A lifetime could be spent studying and collecting the early cancellations of British post offices.

When Britain first began to issue postage stamps, the postmark and the cancel were struck by two different devices. The postmark, showing the date and place the letter was mailed, was struck somewhere on the envelope front clear of the address. The cancel was applied separately to obliterate the stamp or stamps.

The first adhesive postage stamps issued by Great Britain beginning in 1840 were canceled with Maltese cross cancels.

The Scott Classic specialized catalog lists and values the 1p black and 2p blue Queen Victoria stamps, Great Britain Scott 1-2, with various Maltese cross cancels in red, black, blue, magenta and yellow ink.

Even though the postmark was lost when the stamp was removed from its cover, the location of its use can often be determined by the shape and design of the cross.

Tracings of four Maltese Cross cancellations used in Ireland (Belfast, Cork, Dublin and Eyrecourt) are shown in Figure 4.

Later British post offices began to the use duplex cancelers, a single device. They had the postmark to the left and a numeral-and-bar or letter-numeral-and-bar cancel to the right.

The device was applied so that the postmark appeared on the envelope to the left of the stamp, while the cancel obliterated the stamp.

The bars of the cancel took different forms in different parts of the kingdom. Tracings of typical cancels from London District, England and Wales, Scotland, and Ireland are shown in Figure 5.

Again, even though the postmark is lost, the numeral and shape of the cancel indicate the post office where the stamp was canceled. British Post Office Numbers by County by Ken Chapman contains a full list of the British duplex numeral cancels and locations, including forerunner uses in colonies and reallocated numbers.

An uncommon cancellation from an obscure location can strongly enhance the desirability of a common stamp.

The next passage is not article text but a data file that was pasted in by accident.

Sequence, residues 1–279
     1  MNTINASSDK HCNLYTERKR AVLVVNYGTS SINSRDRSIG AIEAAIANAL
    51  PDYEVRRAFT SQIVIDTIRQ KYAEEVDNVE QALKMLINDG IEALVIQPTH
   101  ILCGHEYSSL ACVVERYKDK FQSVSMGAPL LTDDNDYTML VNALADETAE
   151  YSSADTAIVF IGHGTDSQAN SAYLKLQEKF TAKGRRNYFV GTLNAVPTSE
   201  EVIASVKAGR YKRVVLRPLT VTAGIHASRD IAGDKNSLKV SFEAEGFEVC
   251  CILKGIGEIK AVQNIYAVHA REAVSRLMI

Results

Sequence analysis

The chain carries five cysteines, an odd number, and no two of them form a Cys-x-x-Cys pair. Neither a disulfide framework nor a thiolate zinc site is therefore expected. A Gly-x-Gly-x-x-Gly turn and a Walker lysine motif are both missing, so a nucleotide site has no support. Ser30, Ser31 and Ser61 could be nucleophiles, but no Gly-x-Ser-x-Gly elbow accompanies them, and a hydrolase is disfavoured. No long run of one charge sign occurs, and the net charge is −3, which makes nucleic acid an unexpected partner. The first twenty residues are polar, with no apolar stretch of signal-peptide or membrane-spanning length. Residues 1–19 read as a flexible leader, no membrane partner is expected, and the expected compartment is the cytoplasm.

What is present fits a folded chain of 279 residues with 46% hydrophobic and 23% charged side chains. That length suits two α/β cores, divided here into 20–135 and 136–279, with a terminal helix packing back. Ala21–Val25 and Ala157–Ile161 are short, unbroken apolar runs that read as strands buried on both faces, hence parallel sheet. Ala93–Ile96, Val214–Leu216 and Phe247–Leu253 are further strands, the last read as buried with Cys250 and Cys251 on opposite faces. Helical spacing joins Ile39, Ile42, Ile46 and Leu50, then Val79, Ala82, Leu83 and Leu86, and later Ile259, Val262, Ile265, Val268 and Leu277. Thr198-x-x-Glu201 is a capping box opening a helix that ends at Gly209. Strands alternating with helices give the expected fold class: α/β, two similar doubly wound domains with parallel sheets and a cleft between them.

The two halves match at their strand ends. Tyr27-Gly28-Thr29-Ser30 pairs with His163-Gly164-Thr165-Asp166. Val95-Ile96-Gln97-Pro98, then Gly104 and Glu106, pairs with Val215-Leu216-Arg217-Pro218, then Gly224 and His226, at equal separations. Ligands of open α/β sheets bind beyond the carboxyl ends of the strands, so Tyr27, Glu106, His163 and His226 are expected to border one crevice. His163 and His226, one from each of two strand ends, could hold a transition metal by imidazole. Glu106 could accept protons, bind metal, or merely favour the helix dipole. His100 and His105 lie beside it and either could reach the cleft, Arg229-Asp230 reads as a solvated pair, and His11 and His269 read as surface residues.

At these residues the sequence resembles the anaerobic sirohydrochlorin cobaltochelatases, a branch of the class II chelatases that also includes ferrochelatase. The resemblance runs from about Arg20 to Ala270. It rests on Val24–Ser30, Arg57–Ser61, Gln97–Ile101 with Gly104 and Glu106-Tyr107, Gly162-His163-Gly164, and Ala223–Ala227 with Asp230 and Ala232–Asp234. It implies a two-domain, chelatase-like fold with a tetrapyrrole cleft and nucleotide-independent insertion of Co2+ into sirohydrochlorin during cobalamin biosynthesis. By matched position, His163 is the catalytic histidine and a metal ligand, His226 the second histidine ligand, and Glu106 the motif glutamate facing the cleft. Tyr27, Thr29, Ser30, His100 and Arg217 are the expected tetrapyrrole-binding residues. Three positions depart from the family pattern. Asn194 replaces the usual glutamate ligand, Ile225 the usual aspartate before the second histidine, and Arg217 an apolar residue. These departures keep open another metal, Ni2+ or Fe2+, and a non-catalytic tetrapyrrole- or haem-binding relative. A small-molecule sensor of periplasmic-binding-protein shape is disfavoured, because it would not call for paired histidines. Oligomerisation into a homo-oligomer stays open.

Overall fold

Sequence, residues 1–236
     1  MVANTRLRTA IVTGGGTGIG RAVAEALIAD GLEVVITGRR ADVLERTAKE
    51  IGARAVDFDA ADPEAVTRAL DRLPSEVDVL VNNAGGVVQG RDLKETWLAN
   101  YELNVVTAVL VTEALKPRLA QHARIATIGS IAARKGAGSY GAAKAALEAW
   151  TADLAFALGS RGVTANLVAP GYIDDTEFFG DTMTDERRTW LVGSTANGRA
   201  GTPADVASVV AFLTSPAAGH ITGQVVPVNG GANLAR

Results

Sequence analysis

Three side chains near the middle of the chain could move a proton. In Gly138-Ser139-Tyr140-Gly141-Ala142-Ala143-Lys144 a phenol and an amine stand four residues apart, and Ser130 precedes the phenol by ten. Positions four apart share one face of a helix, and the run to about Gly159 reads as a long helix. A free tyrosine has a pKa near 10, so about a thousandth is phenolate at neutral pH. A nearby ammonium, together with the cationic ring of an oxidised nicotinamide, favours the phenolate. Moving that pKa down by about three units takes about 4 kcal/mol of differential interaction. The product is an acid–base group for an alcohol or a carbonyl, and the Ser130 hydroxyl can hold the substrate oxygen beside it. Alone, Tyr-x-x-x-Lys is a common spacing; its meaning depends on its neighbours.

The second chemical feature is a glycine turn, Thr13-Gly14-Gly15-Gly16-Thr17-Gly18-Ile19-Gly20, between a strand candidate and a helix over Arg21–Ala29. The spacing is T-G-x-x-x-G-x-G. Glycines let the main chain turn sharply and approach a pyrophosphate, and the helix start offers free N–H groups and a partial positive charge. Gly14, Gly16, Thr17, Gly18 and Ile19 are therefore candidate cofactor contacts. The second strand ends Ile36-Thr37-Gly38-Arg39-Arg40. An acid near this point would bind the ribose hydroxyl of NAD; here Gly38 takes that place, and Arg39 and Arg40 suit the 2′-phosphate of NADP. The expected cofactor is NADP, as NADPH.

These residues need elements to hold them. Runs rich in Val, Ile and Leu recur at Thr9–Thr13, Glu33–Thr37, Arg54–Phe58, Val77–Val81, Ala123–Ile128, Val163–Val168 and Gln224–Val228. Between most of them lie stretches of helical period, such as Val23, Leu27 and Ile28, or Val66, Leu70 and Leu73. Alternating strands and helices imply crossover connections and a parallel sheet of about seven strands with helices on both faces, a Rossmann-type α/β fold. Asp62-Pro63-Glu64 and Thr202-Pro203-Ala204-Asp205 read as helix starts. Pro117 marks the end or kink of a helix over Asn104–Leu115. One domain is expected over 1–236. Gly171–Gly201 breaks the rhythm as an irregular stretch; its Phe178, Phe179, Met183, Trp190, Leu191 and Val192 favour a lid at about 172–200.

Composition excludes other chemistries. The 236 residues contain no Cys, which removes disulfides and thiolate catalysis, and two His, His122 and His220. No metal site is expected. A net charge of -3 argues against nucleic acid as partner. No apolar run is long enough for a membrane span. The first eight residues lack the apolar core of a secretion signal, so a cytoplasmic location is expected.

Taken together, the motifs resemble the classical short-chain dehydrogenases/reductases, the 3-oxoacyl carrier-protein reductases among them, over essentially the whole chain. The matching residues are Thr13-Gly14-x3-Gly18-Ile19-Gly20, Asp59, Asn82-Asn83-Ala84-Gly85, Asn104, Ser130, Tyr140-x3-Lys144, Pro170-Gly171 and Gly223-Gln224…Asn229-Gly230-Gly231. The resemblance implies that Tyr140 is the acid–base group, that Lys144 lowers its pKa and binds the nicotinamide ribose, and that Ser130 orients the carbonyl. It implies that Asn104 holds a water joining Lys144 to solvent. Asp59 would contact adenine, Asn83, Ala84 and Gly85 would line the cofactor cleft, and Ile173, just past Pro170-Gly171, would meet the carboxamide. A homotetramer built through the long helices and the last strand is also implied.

The numeral and bar cancels on the Queen Victoria and King Edward VII stamps shown in Figure 6 are from London-Aldgate, Clitheroe, Folkingham, Leicester, Manchester and Usk.

A few lucky stamps were fortunate enough to catch the postmark part of the duplex canceler. This preserved the date and place of mailing, so there is no need to look up the number to find out where the duplex is from.

This could happen when there were two stamps on a mailpiece canceled with a single strike of the device. The postmark canceled the stamp on the left while the cancel took care of the stamp on the right, as is the case with the pair of 1d lilac Queen Victoria stamps, Scott 89, bearing a London-Kilburn postmark and cancel shown in Figure 7.

Geometrical alphanumeric cancels were also used on British colonial stamps.

The Indian 2-anna green Queen Victoria stamp shown in Figure 8, Scott 5, bears a concentric octagonal cancel and the alphanumeric "B5."

A check of the list at the beginning of the Stanley Gibbons catalog listings for Burma reveals that cancels of this design were used in Burma, and the "B5" alphanumeric represents the coastal city of Akyab.

Several other countries including France and Belgium used similar systems of numeral cancels.

By the second half of the 19th century, all the Great Powers had extraterritorial rights in many foreign cities. This often included the right to operate post offices there, called offices abroad.

Initially the country used its own stamps in the offices abroad. Later, most of them overprinted or issued stamps for use there.

Shown sideways in Figure 9, oriented to the postmark, is a German 20-pfennig blue Imperial Eagle stamp, Scott 49, on piece. "On piece" means that the stamp is still attached to a fragment of the cover from whence it came.

Because the person who collected this stamp had the good sense not to soak the stamp from the paper, we can still read the postmark that cancels the stamp.

The Shanghai, Jan. 31, 1891, postmark greatly enhances the interest and value of an otherwise common stamp.

The German-language Michel Germany Specialized Catalog, Vol. 1: 1849-April 1945lists German offices abroad, illustrates postmarks of the offices and values stamps and stamps on piece used abroad.

Haul out those common used definitive stamps that have been lurking in the bottom drawer of your stamp desk and have another look at the cancellations on them. You could be pleasantly surprised.